CFTC Moves to Cement Authority Over Crypto Fraud Cases

The CFTC cited a U.S. district judge's recent ruling that cryptocurrencies are commodities to show standing in a separate fraud case it is pursuing.

AccessTimeIconMar 13, 2018 at 1:30 a.m. UTC
Updated Sep 13, 2021 at 7:40 a.m. UTC
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The Commodity Futures Trading Commission is moving quickly to assert its jurisdiction to police fraud in the cryptocurrency industry.

Just two days after U.S. Judge Jack B. Weinstein of the Eastern District of New York ruled in favor of the CFTC, affirming its definition of cryptocurrency as a commodity, the regulator gave notice of "supplemental legal authority" to My Big Coin Pay Inc – a crypto services company it charged with fraud and misappropriation of funds in January.

Weinstein's ruling was the result of a separate fraud case the CFTC is pursuing against a crypto trading scheme called CabbageTech and its operator, Patrick Kerry McDonnell.

Quoting from that ruling, the notice advises My Big Coin Pay that "virtual currencies 'fall well-within...the [Commodity Exchange Act's] definition of 'commodities'" and the Commission "has standing to exercise its enforcement power over fraud related to virtual currencies sold in interstate commerce."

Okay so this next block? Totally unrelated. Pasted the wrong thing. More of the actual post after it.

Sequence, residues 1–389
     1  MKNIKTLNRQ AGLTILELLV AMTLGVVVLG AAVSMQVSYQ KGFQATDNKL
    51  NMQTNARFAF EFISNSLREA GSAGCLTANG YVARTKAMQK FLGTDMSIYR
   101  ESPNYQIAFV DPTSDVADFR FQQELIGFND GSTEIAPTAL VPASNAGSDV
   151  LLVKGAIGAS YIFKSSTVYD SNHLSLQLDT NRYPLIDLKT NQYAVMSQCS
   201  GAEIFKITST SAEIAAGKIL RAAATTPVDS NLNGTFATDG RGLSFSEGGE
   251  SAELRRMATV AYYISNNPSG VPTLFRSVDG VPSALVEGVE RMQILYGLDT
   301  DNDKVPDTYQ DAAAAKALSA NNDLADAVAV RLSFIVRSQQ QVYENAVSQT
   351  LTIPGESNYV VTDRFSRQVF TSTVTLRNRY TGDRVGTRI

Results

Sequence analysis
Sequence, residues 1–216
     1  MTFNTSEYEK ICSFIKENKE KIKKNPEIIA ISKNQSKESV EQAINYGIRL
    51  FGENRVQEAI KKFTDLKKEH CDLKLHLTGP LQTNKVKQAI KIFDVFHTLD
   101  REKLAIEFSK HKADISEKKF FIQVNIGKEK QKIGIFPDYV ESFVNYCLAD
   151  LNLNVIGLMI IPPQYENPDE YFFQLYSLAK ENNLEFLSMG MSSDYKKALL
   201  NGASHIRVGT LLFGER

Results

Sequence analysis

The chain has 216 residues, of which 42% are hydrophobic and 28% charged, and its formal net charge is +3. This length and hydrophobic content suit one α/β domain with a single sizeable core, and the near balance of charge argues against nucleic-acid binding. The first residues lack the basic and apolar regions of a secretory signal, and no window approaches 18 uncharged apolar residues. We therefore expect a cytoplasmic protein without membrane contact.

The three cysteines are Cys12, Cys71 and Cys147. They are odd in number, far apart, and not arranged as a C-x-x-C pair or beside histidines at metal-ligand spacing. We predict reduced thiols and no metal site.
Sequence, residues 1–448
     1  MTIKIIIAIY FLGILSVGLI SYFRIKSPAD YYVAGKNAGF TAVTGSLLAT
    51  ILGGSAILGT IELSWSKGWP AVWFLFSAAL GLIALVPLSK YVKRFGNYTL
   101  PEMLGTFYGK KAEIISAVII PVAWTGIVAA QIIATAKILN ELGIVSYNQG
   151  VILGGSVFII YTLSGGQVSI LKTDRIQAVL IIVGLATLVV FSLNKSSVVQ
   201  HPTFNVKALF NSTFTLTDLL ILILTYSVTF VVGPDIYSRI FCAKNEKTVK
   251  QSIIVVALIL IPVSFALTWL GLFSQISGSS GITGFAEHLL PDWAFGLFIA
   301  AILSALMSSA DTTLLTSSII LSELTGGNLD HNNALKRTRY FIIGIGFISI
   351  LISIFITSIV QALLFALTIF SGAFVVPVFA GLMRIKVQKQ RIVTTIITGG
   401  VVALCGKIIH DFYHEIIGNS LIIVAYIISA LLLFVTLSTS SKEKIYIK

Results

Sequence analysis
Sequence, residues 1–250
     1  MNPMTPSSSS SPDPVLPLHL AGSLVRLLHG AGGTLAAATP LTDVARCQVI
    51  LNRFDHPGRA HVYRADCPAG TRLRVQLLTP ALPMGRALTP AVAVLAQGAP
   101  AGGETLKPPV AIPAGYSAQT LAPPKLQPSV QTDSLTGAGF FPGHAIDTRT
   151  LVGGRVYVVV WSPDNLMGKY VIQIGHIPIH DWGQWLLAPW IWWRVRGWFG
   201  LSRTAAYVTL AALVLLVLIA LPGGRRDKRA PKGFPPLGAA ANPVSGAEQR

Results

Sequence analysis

The CFTC, the Securities and Exchange Commission and the IRS all currently define cryptocurrencies differently and have designated them as commodities, securities and property, respectively.

As for My Big Coin Pay, the Commission alleges that the firm and associated parties Randall Crater and Mark Gillespie misappropriated more than $6 million from their customers, including by transferring customer funds into their personal accounts and subsequently spending the money on personal expenses and luxury goods.

The notice demonstrates that the CFTC's efforts to establish legal precedent are underway, and potentially provides insight into how it will continue to regulate the industry.

Law image via Shutterstock 


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